|Enewsletter • February 1, 2006|
Notes from Vegan Outreach
Jon Camp's First Week in the South
Thanks to volunteer help and donor support, the first week of my southern leafleting tour was a smashing success! Six schools (James Madison U, UNC Greensboro, UNC Chapel Hill, Duke, NC State, and E. Carolina U) were leafleted, and a total of 5,684 students were given an Even If You Like Meat booklet in of just five days. Based on the quite constant feedback I received while leafleting, I have no doubt that this work informed a great many of today's youth about the desperate plight of farmed animals.
Next week, I will be leafleting the University of West Georgia, Auburn U, and various colleges throughout southern Louisiana. If you would like to join me for any of these days, or if you'd like me to give a talk about outreach to your local group, please email jon (at) veganoutreach.org. Thanks!
Excerpts from Why Not Change the Laws?
People often complain that what Vegan Outreach does is too slow. It is, of course, natural to want to pass laws protecting farmed animals or banning factory farms; going vegetarian and doing person-to-person outreach seems far too slow.
Having been involved in all forms of animal advocacy for more than 15 years, we believe that, at this point in the U.S., very few compassionate individuals or organizations are in a position to affect farmed animals at any level of legislation. Modern animal agriculture is a multi-billion-dollar industry, and the U.S. government runs on money. When laws are passed, they are usually inadequate and aren't enforced.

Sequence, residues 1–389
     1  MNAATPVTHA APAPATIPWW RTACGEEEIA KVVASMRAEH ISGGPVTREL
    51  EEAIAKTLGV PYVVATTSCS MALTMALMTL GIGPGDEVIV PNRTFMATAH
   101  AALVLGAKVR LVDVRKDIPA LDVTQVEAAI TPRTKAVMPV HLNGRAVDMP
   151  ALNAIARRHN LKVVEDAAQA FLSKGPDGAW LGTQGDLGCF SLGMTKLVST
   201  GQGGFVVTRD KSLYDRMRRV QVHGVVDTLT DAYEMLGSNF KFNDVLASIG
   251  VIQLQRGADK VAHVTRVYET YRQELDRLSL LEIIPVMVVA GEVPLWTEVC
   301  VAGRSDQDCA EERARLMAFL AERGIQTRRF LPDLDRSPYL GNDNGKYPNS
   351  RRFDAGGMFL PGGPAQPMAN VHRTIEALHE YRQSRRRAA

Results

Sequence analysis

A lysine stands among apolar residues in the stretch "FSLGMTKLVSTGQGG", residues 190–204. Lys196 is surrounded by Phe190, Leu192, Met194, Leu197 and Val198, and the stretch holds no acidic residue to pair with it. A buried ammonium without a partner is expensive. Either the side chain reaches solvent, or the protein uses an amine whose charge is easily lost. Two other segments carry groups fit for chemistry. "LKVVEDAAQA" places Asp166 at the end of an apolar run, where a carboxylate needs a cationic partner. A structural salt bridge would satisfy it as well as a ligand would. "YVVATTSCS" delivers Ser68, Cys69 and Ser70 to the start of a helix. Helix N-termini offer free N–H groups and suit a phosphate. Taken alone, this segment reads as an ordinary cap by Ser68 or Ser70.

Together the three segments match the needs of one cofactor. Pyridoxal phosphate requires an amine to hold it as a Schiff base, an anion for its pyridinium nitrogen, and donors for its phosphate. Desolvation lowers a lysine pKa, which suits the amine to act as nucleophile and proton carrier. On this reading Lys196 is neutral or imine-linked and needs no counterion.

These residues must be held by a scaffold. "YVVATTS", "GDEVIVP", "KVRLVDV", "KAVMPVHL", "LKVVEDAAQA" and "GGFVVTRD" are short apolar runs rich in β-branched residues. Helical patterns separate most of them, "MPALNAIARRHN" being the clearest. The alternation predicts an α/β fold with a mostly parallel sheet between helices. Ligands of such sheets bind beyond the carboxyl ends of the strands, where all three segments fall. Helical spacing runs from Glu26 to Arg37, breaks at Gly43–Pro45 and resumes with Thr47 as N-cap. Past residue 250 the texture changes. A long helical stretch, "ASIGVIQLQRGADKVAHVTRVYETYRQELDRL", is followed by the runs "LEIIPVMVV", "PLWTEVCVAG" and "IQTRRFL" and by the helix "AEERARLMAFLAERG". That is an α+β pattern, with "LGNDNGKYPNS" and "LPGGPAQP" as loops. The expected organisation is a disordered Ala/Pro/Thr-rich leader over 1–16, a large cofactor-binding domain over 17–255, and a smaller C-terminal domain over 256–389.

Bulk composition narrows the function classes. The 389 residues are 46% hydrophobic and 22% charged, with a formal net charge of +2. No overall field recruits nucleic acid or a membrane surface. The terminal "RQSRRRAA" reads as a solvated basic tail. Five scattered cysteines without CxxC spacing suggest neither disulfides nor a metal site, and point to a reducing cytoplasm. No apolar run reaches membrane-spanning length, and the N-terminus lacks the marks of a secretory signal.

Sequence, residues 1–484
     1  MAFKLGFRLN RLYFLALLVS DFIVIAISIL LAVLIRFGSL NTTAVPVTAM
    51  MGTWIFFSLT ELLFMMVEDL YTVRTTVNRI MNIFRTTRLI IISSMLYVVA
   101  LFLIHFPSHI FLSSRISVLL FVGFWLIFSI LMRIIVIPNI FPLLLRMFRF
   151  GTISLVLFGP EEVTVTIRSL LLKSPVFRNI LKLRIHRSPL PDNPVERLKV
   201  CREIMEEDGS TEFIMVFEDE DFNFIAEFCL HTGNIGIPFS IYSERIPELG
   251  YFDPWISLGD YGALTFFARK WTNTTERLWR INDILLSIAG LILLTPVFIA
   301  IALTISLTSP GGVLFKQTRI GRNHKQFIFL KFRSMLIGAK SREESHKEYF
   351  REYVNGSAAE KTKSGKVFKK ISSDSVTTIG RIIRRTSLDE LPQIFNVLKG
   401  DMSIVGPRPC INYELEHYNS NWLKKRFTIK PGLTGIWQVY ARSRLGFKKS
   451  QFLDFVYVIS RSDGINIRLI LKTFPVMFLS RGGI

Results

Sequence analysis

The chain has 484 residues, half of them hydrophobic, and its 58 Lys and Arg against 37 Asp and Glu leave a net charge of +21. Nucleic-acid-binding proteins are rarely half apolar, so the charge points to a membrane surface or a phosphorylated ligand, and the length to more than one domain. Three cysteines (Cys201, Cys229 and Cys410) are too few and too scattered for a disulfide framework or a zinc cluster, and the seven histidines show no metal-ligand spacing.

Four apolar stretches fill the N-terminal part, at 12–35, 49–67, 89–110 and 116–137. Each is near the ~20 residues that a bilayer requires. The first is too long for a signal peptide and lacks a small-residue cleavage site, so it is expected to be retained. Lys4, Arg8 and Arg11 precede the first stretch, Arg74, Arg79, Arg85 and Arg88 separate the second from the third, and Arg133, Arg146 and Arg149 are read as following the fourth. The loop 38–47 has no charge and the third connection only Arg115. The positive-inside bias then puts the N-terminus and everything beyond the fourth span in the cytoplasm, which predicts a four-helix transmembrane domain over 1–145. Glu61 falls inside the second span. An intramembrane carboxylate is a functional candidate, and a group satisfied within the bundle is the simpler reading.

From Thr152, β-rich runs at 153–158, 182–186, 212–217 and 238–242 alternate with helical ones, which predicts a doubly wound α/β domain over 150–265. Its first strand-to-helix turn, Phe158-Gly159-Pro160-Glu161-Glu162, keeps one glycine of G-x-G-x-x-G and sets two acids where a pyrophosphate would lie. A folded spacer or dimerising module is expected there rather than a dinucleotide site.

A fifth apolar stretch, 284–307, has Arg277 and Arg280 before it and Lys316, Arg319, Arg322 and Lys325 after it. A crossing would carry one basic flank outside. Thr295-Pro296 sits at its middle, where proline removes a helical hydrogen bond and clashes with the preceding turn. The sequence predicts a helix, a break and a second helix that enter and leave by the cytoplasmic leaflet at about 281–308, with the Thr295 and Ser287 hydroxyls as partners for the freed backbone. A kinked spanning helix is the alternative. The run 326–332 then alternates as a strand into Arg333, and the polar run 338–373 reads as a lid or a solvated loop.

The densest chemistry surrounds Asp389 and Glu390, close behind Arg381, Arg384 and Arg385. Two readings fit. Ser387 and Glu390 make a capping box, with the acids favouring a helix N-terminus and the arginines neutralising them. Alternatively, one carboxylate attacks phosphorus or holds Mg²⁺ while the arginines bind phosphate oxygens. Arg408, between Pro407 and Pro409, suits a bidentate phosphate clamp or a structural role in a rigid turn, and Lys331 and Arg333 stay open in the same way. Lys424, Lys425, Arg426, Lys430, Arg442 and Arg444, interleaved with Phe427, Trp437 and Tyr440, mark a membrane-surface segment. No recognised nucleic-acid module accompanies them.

For example, the Humane Methods of Slaughter Act doesn't apply to birds, who represent the majority of animals slaughtered in the U.S. Even for mammals, there are few inspectors, and abuse is rampant (see, for example, this story from the Washington Post).
State legislation also has its problems. The Florida ballot initiative that banned the practice of housing pregnant pigs in small crates cost animal protection groups millions of dollars and affected only two farms -- one of which moved to North Carolina.
Campaigns targeting companies have had more success. PETA has succeeded in forcing McDonald's, Burger King, and Wendy’s to agree to buy meat from producers that follow certain animal welfare guidelines. It’s not clear, though, how well these guidelines are enforced; Gail Eisnitz, author of Slaughterhouse, reported that inspections of slaughterhouses supplying McDonald's are often staged, and rarely catch even the most overt cruelty (see this statement).
Perhaps the most important factor to consider when dealing with welfare reforms is that the government and big business will manipulate public perception through misleading claims. See this expose on the "Animal Care Certified" label which was given to eggs coming from the extremely inhumane conditions; see also this for how the term "free range" can mean just about anything.
If there is to be any significant change -- either through legislation or demand-driven reforms -- there will need to be much more widespread awareness among consumers and voters. The more people we can reach with detailed information, the more compassionate people will choose cruelty-free options, and speak on behalf of the animals who suffer so terribly, unseen and unheard, in today's factory farms and industrial slaughterhouses.
Although we wish there were a faster way, we believe that at this time, creating more awareness, and persuading more people to become vegetarian and vegan, will do the most good for animals in the long run.
—Matt Ball | full article
Notes from Our Members
Today at UCLA,
I distributed 1,960 Even If
You Like Meat booklets, several
are three early exchanges that
I had with people while I was leafleting
the Aerosmith and Lenny Kravitz
#2: One guy looked at the cover,
and quickly handed the pamphlet
back to me. But then he said, "On
second thought, go ahead and give
me your spiel. Why should I go vegan?"